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- The Dove in the Eagle's Nest - 2/59 -

beheaded, the third thrown headlong from a tower, and a guardian angel then summons Theurdank to his union with his Queen. No doubt this reunion was the life-dream of the harassed, busy, inconsistent man, who flashed through the turmoils of the early sixteenth century.

The adventures of Maximilian which have been adverted to in the story are all to be found in Theurdank, and in his early life he was probably the brilliant eager person we have tried in some degree to describe. In his latter years it is well known that he was much struck by Luther's arguments; and, indeed, he had long been conscious of need of Church reform, though his plans took the grotesque form of getting himself made Pope, and taking all into his own hands.

Perhaps it was unwise to have ever so faintly sketched Ebbo's career through the ensuing troubles; but the history of the star and of the spark in the stubble seemed to need completion; and the working out of the character of the survivor was unfinished till his course had been thought over from the dawn of the Wittenberg teaching, which must have seemed no novelty to an heir of the doctrine of Tauler, and of the veritably Catholic divines of old times. The idea is of the supposed course of a thoughtful, refined, conscientious man through the earlier times of the Reformation, glad of the hope of cleansing the Church, but hoping to cleanse, not to break away from her--a hope that Luther himself long cherished, and which was not entirely frustrated till the re-assembly at Trent in the next generation. Justice has never been done to the men who feared to loose their hold on the Church Catholic as the one body to which the promises were made. Their loyalty has been treated as blindness, timidity, or superstition; but that there were many such persons, and those among the very highest minds of their time, no one can have any doubt after reading such lives as those of Friedrich the Wise of Saxony, of Erasmus, of Vittoria Colonna, or of Cardinal Giustiniani.

April 9, 1836.


The upper lattices of a tall, narrow window were open, and admitted the view, of first some richly-tinted vine leaves and purpling grapes, then, in dazzling freshness of new white stone, the lacework fabric of a half-built minster spire, with a mason's crane on the summit, bending as though craving for a further supply of materials; and beyond, peeping through every crevice of the exquisite open fretwork, was the intensely blue sky of early autumn.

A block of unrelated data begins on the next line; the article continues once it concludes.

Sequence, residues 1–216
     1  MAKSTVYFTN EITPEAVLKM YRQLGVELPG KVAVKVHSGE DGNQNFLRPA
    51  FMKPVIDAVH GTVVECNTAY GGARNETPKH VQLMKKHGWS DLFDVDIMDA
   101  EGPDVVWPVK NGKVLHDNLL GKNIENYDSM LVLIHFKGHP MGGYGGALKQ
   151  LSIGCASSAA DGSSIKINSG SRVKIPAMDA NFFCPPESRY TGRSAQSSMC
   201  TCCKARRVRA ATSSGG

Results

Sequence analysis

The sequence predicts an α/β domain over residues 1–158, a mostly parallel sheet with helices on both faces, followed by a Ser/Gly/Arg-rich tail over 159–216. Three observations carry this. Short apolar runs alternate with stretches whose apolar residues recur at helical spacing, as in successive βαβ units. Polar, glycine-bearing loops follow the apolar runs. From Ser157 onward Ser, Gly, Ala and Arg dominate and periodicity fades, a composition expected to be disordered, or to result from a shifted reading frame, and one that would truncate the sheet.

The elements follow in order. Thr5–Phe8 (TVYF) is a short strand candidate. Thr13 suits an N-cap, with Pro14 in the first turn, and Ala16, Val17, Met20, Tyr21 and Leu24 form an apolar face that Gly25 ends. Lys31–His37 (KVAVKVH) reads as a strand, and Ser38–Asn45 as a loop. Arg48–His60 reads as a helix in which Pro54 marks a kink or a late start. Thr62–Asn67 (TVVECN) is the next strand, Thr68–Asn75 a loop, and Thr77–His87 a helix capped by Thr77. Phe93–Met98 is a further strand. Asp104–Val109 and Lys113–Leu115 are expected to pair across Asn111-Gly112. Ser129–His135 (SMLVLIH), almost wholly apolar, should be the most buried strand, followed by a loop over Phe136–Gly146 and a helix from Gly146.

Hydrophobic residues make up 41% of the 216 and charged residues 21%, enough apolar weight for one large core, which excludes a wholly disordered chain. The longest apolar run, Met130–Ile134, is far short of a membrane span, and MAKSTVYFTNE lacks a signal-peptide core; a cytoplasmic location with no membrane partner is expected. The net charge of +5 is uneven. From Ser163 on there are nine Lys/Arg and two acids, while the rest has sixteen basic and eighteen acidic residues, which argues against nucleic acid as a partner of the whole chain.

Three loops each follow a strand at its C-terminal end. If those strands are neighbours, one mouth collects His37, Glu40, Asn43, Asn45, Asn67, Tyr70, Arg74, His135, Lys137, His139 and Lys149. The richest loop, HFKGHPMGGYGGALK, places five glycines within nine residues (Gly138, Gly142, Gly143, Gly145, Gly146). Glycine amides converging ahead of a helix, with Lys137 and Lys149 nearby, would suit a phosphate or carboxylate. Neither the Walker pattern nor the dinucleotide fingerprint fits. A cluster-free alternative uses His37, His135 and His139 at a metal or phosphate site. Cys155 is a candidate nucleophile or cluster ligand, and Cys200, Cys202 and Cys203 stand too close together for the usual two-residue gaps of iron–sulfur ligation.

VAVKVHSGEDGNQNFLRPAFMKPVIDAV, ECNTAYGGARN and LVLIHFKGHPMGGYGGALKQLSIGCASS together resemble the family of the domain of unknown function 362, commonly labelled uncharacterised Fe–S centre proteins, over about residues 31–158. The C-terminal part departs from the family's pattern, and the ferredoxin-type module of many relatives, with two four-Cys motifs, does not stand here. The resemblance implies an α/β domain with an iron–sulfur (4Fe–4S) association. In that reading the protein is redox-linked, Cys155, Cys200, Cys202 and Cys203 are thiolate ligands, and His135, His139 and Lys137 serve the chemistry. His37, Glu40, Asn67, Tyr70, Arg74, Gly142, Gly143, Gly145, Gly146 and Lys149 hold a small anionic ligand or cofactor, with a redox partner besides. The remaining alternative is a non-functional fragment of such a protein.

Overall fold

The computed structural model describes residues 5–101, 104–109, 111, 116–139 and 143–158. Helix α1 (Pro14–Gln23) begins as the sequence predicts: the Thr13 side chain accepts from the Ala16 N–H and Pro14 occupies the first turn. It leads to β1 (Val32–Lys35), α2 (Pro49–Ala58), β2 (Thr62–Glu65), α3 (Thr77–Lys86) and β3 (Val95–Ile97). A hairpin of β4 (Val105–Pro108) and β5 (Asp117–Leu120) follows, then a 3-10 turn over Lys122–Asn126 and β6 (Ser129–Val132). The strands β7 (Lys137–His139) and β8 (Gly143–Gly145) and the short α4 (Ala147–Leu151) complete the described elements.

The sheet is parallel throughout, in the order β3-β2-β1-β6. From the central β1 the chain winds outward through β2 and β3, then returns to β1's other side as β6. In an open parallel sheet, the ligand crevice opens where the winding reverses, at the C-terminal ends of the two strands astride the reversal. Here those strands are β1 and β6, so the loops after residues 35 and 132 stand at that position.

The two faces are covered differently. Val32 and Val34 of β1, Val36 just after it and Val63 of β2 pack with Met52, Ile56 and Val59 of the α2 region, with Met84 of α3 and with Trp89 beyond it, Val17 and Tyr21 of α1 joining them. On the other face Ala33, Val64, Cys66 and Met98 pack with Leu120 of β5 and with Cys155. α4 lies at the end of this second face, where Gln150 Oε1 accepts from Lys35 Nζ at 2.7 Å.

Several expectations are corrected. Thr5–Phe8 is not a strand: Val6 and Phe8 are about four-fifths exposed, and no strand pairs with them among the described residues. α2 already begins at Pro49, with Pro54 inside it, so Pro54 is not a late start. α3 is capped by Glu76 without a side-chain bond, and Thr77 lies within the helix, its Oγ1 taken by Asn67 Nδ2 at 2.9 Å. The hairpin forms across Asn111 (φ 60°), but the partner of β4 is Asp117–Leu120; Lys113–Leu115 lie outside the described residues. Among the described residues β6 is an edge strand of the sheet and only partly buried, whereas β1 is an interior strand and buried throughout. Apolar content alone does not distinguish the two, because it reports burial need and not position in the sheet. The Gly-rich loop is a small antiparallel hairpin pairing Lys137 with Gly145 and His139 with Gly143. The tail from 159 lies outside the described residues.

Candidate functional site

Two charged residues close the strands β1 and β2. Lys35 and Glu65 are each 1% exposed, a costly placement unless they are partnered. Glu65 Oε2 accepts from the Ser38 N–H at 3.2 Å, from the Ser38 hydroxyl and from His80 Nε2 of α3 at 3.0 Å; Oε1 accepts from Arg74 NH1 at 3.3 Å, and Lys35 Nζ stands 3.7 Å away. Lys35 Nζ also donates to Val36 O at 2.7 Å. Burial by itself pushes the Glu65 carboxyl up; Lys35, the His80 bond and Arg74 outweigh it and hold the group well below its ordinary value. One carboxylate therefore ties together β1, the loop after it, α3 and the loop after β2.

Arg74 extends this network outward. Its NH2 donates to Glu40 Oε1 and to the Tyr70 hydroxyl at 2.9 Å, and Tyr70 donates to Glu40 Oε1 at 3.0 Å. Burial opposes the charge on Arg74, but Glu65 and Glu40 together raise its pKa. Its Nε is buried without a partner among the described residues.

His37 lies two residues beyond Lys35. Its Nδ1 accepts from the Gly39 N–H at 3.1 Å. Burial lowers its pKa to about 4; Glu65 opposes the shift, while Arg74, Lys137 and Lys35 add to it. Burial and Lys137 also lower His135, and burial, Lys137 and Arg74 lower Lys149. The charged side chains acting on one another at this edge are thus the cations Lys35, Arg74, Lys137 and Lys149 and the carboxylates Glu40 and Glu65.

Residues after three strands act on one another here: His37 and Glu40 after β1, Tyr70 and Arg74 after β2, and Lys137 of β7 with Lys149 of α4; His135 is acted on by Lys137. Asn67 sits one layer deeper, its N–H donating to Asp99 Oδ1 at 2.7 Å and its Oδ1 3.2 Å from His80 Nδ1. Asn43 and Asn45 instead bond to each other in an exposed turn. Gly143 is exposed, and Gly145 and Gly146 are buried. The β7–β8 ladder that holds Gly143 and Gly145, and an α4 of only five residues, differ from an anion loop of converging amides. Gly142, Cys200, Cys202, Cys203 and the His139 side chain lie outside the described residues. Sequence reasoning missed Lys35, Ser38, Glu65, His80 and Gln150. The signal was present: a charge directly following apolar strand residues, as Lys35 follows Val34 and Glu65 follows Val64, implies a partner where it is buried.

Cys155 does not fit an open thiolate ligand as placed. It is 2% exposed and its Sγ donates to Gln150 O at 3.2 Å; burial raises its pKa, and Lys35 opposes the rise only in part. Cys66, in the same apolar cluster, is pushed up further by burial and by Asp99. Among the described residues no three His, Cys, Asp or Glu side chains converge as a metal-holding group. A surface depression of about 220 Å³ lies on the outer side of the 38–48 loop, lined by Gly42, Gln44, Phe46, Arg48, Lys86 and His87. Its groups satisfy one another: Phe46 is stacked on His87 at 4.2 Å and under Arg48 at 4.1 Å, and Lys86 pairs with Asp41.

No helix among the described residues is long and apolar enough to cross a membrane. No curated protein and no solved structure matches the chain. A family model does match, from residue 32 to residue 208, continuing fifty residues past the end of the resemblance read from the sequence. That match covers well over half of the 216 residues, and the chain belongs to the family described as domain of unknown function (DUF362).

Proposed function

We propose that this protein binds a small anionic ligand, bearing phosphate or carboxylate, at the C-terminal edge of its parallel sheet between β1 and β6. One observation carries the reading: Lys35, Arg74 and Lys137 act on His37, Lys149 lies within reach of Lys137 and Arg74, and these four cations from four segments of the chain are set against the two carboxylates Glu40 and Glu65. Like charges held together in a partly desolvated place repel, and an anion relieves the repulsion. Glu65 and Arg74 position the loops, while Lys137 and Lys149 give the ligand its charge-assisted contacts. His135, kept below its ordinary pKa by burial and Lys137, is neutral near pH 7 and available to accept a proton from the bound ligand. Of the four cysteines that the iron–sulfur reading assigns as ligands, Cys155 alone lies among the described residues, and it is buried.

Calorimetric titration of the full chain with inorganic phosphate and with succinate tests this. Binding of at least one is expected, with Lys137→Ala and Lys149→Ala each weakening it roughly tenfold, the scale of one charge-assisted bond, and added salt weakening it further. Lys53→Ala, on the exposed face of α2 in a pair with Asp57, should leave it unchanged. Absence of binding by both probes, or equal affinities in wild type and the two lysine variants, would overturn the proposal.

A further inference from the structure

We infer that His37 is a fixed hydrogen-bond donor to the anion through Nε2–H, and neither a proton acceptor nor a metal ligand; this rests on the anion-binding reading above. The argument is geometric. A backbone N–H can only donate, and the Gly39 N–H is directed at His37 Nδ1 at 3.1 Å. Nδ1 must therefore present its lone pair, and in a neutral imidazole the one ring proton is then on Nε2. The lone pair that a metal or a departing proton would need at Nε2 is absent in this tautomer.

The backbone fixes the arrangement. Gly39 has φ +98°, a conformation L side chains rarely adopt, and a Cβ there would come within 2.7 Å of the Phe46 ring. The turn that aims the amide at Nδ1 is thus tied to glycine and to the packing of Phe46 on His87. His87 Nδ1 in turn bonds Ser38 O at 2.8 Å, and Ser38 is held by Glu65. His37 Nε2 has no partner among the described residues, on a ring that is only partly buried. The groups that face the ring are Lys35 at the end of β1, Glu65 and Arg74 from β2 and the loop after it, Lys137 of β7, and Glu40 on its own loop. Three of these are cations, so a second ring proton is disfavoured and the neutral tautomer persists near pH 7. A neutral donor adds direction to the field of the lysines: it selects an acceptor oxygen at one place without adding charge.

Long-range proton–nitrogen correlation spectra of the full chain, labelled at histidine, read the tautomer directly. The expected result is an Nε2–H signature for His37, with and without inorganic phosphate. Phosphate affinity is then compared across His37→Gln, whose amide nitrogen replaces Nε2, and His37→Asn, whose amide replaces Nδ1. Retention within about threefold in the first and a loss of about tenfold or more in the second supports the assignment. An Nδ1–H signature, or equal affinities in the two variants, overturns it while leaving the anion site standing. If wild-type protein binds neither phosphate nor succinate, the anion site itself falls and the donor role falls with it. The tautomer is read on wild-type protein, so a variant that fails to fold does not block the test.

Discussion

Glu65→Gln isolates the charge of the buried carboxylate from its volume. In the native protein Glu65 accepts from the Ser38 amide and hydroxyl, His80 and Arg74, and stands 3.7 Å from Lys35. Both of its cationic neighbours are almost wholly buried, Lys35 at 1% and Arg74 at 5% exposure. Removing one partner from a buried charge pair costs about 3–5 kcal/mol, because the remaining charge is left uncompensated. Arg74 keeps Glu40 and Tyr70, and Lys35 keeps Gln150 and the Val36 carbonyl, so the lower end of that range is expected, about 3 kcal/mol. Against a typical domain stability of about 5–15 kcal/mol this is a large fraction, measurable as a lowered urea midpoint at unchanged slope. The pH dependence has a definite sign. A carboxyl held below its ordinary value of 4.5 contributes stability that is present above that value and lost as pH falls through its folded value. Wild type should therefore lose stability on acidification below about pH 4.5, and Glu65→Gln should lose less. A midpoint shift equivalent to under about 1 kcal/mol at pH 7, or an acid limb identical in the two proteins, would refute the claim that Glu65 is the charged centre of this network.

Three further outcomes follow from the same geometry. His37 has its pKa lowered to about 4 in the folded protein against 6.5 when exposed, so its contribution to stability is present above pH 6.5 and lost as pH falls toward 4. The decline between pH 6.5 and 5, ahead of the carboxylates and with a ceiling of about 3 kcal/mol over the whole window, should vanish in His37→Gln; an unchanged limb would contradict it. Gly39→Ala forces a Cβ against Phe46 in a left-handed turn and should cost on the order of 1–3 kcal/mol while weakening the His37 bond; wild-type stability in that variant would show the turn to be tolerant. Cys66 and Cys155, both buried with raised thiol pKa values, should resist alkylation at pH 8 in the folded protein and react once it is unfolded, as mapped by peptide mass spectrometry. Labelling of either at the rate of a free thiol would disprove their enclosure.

The lower longer panes of the window were closed, and the glass, divided into circles and quarrels, made the scene less distinct; but still the huge stone tower was traceable, and, farther off, the slope of a gently-rising hill, clothed with vineyards blushing into autumn richness. Below, the view was closed by the gray wall of a court- yard, laden with fruit-trees in full bearing, and inclosing paved paths that radiated from a central fountain, and left spaces between, where a few summer flowers still lingered, and the remains of others showed what their past glory had been.

The interior of the room was wainscoted, the floor paved with bright red and cream-coloured tiles, and the tall stove in one corner decorated with the same. The eastern end of the apartment was adorned with an exquisite small group carved in oak, representing the carpenter's shop at Nazareth, with the Holy Child instructed by Joseph in the use of tools, and the Mother sitting with her book, "pondering these things in her heart." All around were blocks of wood and carvings in varying states of progress--some scarcely shaped out, and others in perfect completion. And the subjects were equally various. Here was an adoring angel with folded wings, clasped hands, and rapt face; here a majestic head of an apostle or prophet; here a lovely virgin saint, seeming to play smilingly with the instrument of her martyrdom; here a grotesque miserere group, illustrating a fairy tale, or caricaturing a popular fable here a beauteous festoon of flowers and fruit, emulating nature in all save colour; and on the work-table itself, growing under the master's hand, was a long wreath, entirely composed of leaves and seed-vessels in their quaint and beauteous forms--the heart-shaped shepherd's purse, the mask-like skull-cap, and the crowned urn of the henbane. The starred cap of the poppy was actually being shaped under the tool, copied from a green capsule, surmounted with purple velvety rays, which, together with its rough and wavy leaf, was held in the hand of a young maiden who knelt by the table, watching the work with eager interest.

She was not a beautiful girl--not one of those whose "bright eyes rain influence, and judge the prize." She was too small, too slight, too retiring for such a position. If there was something lily-like in her drooping grace, it was not the queen-lily of the garden that she resembled, but the retiring lily of the valley--so purely, transparently white was her skin, scarcely tinted by a roseate blush on the cheek, so tender and modest the whole effect of her slender figure, and the soft, downcast, pensive brown eyes, utterly dissimilar in hue from those of all her friends and kindred, except perhaps the bright, quick ones of her uncle, the master-carver. Otherwise, his portly form, open visage, and good-natured stateliness, as well as his furred cap and gold chain, were thoroughly those of the German burgomaster of the fifteenth century; but those glittering black eyes had not ceased to betray their French, or rather Walloon, origin, though for several generations back the family had been settled at Ulm. Perhaps, too, it was Walloon quickness and readiness of wit that had made them, so soon as they became affiliated, so prominent in all the councils of the good free city, and so noted for excellence in art and learning. Indeed the present head of the family, Master Gottfried Sorel, was so much esteemed for his learning that he had once had serious thoughts of terming himself Magister Gothofredus Oxalicus, and might have carried it out but for the very decided objections of his wife, Dame Johanna, and his little niece, Christina, to being dubbed by any such surname.